In one of them, I fell to my knees and beseeched Republicans not to cede this fertile ground to Democrats. That cry has not resonated with many Republicans, but it should. And by Republicans I mean the whole enchilada: Republican leaders safely ensconced in the General Assembly; Republican worker bees of every kind; African American and Hispanic Republicans who have found, much to their surprise, that one of the chief difference between the Republican and Democratic Parties is that The Republican Party is NOT a closed shop; and minorities and whites who have survived the left leaning biases of academe and are familiar with the history of both parties from the post-Civil War period through 1964, when the Civil Rights Act was established.
Friday, January 10, 2014
Some stories just make your brain pop.
U.S. Senator Dick Blumenthal was visiting with Gregory and Celeste Fulcher, whose daughter, Erika Robinson, 26, had been slain in a nightclub shooting by Adrian Bennett, 28, aka “Bread.”
Mr. “Bread,” Mr. Fulcher told Mr. Blumenthal, should not have had a gun, and he should not have been on parole: “It’s senseless, he shouldn’t have been out of jail walking the streets as a convicted felon.” Fulcher said of Mr. Bennett. “The system failed us, but I also blame the establishment.”
Tuesday, January 07, 2014
In her most recent press release, one can almost see state Democratic Chairwoman Nancy DiNardo ticking off the “made in Washington” campaign talking points:
Boughton, “war on women,” check.
Boughton,” anti-gay,” check.
Boughton, “Tea Party,” check.
Boughton, “extremist,” check.
A busy demagogue, Ms. DiNardo usually is able to mold her mud pies into brief media bites at a moment’s notice. Here is the core of her media release:
Sunday, January 05, 2014
“Baby, they diggin' my potatoesLord, they trampin' on my vine…”
So goes the Big Bill Broonzy blues song. The song, for those unfamiliar with frequently met double entendres in blues music, is not really about potatoes or vines.
Never found my baby'Cause she was layin' in another town
I know she's diggin' my potatoes
Lord, she's trampin' on my vine
The blues rarely miss the right chords concerning human nature. We are territorial animals – Get off my farm! Grieving over large campaign contributions made by one-percenters to politicians dispensing favors has in the past been territory staked out by populist Democrats. Until now.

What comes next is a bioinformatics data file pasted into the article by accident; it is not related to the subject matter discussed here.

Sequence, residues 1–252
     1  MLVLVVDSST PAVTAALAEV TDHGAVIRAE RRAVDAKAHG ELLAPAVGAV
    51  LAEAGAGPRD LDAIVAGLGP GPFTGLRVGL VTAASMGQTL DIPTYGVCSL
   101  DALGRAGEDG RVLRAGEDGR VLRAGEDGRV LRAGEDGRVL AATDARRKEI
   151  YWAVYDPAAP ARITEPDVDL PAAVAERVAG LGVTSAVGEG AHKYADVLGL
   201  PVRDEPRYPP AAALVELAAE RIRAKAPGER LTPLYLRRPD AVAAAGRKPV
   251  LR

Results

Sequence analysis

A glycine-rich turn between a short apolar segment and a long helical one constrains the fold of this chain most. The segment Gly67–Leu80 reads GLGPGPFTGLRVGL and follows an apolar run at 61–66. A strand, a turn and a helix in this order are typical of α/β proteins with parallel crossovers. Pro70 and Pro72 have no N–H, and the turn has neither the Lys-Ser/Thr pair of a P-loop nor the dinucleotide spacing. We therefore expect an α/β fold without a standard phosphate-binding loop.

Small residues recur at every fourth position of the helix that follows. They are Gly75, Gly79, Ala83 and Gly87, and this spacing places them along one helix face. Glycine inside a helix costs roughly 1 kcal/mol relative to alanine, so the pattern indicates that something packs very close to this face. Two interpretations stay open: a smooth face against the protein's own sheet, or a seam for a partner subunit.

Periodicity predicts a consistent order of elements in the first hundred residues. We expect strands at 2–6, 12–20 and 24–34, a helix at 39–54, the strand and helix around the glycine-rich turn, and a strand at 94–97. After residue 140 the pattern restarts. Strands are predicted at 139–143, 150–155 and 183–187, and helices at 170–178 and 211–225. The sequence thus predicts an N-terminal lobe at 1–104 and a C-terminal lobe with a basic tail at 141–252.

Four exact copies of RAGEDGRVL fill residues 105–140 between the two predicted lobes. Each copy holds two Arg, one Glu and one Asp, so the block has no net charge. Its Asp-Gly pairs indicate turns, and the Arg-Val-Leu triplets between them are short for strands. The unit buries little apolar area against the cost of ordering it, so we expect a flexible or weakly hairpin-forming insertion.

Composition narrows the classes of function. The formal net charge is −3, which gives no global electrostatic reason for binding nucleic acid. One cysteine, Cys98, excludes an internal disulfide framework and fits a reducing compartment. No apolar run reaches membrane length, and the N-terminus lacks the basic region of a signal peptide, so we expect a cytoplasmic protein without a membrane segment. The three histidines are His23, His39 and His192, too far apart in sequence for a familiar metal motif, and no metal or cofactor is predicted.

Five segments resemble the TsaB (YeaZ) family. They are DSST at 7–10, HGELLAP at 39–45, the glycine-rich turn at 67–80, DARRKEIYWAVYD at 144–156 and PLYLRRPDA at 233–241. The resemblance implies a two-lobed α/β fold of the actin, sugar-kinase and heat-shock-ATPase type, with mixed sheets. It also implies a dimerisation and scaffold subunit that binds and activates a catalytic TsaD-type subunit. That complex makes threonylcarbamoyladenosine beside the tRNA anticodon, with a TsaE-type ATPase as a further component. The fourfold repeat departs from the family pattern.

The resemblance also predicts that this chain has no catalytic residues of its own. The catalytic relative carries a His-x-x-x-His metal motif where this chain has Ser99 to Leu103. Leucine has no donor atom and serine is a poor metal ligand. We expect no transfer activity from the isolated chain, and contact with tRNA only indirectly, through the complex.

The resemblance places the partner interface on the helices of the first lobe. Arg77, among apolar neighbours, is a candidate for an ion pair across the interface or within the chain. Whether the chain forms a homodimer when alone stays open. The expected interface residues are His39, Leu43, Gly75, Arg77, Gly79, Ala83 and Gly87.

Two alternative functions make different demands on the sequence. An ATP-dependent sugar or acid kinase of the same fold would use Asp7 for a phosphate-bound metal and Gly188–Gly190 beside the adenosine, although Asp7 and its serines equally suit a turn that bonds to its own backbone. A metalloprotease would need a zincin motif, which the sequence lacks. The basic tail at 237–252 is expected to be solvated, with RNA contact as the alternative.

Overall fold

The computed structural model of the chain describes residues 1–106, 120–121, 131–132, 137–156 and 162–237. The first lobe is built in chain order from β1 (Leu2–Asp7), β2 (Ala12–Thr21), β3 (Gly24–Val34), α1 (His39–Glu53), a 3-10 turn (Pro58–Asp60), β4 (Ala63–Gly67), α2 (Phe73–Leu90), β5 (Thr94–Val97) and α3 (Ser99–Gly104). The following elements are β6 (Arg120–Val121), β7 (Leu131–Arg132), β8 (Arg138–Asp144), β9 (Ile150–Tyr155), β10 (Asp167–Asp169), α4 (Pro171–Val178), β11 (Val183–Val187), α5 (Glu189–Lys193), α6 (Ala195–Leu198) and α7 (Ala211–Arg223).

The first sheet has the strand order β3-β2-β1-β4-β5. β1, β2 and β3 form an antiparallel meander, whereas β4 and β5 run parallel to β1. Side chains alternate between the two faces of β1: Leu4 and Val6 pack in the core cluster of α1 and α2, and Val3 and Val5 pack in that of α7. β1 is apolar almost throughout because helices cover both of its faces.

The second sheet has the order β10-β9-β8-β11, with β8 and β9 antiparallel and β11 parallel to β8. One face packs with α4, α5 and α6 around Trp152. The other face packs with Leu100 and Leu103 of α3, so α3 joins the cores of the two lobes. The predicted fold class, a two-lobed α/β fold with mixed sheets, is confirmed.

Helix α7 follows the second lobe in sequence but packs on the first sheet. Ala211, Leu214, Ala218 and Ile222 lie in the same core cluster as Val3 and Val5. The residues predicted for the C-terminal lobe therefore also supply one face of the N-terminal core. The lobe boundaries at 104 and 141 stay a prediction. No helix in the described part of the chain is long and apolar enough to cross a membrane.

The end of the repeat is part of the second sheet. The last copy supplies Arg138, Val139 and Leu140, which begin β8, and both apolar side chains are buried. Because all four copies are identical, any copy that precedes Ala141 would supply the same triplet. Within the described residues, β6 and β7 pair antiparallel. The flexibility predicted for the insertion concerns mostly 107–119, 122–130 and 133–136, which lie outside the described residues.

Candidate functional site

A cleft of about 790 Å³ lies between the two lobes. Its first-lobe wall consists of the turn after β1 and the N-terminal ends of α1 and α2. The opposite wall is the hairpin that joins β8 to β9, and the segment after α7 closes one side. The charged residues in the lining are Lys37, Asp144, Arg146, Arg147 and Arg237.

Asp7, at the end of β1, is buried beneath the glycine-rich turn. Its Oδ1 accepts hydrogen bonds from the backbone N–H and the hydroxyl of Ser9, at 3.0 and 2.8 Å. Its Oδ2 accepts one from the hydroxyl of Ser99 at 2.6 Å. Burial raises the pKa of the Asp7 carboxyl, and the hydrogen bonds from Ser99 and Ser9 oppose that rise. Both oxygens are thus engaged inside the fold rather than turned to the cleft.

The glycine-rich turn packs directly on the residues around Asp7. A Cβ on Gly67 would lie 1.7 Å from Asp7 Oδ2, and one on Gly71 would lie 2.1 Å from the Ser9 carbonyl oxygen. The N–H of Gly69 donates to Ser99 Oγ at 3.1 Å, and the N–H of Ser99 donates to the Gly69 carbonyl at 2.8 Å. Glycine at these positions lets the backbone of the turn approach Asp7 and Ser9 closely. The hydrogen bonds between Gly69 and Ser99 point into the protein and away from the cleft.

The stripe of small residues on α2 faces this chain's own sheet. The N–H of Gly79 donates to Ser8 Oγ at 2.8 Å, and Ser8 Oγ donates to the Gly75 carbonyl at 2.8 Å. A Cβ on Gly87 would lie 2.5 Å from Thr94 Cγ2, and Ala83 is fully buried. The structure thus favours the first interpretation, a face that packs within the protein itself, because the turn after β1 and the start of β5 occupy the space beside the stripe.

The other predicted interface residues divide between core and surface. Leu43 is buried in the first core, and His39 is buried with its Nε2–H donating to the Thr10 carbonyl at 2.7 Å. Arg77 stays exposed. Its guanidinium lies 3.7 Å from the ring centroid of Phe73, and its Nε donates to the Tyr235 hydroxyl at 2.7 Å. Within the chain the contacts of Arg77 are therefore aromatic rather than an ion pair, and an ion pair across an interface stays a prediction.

Thursday, January 02, 2014
Around this time of year, prior to the elections, numberless political commentators become Republicans – if only in spirit – the better to advise leading Republicans in the Grand Old Party what they should think and say and do about the many problems besetting Connecticut. Their daddies voted for Goldwater in 1964, they tell us. Their mommies subscribed to National Review in the glory days of Reagan. They remember with some affection William Buckley’s attempt to snatch the New York mayoralty from the jaws of John Lindsey and Abe Beame. Asked by a New York Times reporter what he would do if he actually won the election, Mr. Buckley replied he would hang a net on the first floor of the New York Times building to catch the falling bodies. Virtually all of them used to vote Republican when the Republican Party in Connecticut was sagacious enough to put up moderates such as Chris Shays for office, hardly noticing that in the interim all the moderate Republicans in Connecticut’s U.S. Congressional delegation, including Mr. Shays, have been displaced by progressive Democrats. They genuflect whenever Lowell Weicker is among them. He was a Republican, wasn’t he?
Wednesday, January 01, 2014
Connecticut U.S. Senator Chris Murphy’s young years were showing in an interview he gave to the Connecticut Post just before the New Year opened. Murphy assumed office on January 3, 2013. Possibly by the time this column appears in print, Mr. Murphy’s career in the Senate will be one year young.
The high point of his yet shallow senatorial career, Mr. Murphy said in the interview, was his near heroic resistance to the National Rifle Association (NRA).
His opposition to the NRA, the one term senator said, possibly would not pay legislative dividends for years. However, the resistance he has offered the NRA represents the point of a spear. Advocates of tougher gun laws, he told the paper, are now organizing to offset the political clout of the NRA.
"For the past 20 years,” said Mr. Murphy, “the NRA has worked in a vacuum. Now, there are groups that are counterpoints to the NRA. I consider myself part of the political resistance to the NRA,” a small wave, so to speak, that announces the coming tsunami of resistance.